More than anything, Tom Raines wants to be important, though his shadowy life is anything but that. For years, Tom’s drifted from casino to casino with his unlucky gambler of a dad, gaming for their survival. Keeping a roof over their heads depends on a careful combination of skill, luck, con artistry, and staying invisible.
Then one day, Tom stops being invisible. Someone’s been watching his virtual-reality prowess, and he’s offered the incredible–a place at the Pentagonal Spire, an elite military academy. There, Tom’s instincts for combat will be put to the test and if he passes, he’ll become a member of the Intrasolar Forces, helping to lead his country to victory in World War III. Finally, he’ll be someone important: a superhuman war machine with the tech skills that every virtual-reality warrior dreams of. Life at the Spire holds everything that Tom’s always wanted–friends, the possibility of a girlfriend, and a life where his every action matters–but what will it cost him?
A disappointing, middle-grade version of Ready Player One (which was one of my favorite books of the year,) is the best summary of my reactions to S. J. Kincaid’s Insignia. The problems I found in Insignia reminded me of the ones I found in Wesley King’s The Vindico; both books had an compelling plot, creative ideas, but he execution failed to bring those ideas to life and grazed over heavy-handed issues in exchange for superficial cliches.
My Suspension of Disbelief is Straining, These People Need Anger Management!:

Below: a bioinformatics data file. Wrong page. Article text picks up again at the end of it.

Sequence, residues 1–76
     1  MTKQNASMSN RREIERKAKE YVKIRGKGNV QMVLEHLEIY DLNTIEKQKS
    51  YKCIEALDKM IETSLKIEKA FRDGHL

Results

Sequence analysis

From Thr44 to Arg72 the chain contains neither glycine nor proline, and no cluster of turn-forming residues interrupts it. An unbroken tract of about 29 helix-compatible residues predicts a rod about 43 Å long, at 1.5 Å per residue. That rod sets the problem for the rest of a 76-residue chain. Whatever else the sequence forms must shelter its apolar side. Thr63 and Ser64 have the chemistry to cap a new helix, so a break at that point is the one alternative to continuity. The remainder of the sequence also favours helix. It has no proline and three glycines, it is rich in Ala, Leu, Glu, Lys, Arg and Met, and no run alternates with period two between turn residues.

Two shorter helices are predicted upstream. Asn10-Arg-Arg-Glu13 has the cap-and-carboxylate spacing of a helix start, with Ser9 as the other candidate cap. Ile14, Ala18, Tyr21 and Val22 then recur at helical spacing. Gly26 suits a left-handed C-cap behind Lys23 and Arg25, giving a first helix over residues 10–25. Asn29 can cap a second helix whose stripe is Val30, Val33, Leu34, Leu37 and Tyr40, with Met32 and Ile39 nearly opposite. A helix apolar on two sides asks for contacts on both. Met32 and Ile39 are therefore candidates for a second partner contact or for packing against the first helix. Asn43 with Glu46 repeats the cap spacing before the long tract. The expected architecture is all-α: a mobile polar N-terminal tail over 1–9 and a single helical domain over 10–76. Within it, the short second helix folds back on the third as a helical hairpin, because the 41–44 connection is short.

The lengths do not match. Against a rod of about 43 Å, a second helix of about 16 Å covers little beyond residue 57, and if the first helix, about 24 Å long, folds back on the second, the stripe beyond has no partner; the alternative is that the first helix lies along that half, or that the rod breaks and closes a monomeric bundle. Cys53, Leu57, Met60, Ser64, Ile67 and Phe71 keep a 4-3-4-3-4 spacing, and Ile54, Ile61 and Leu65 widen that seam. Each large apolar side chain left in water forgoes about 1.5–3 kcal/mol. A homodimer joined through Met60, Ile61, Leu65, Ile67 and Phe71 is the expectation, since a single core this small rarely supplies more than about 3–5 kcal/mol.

First of all, all these 14-15 year olds are supposed to be the cream of the crop with exceptional intelligence and abilities (Figure Skating Champion, Scholarship winners, etc.) With the aid of a neural processor in their brains they have become even smarter than usual. Actually, their intelligence is optional since they just “download” knowledge instead of learning. Whatever they don’t know their computer brains will look it up for them. They are also given perfect complexions and grow six inches in a week. Yet, despite their intelligence, their priorities only lie in teasing each other with stuff like “girly hands” and “man-hands.” Not sure what the intelligence changed in them. The knowledge certainly hasn’t made them any more empathetic, as they spend most of their time plotting to ruin each other’s lives (and are encouraged to do so!.)
What tested my suspension of disbelief was how easy it was for characters to make decisions. Tom accidentally (being digitally manipulated as part of a class demo) bumps into the class bully, and all of a sudden the guy hates his guts. Programming teacher, Blackburn, decides to “punish” Tom for not revealing who hacked into the school system (which I argue, is the right thing to do,) and then he becomes an evil “villain” soon after. For an adult, Blackburn is irrationally quick to jump into conclusions: Tom mentions a word from Blackburn’s devastating past, then within five seconds he decides Wyatt, his best pupil, is a flithy liar, then proceeds to stomp out of the room like a five year old.
What was even more confusing was how easy it was for Tom to be able to get a classmate to hack into the school system for him. It went like this: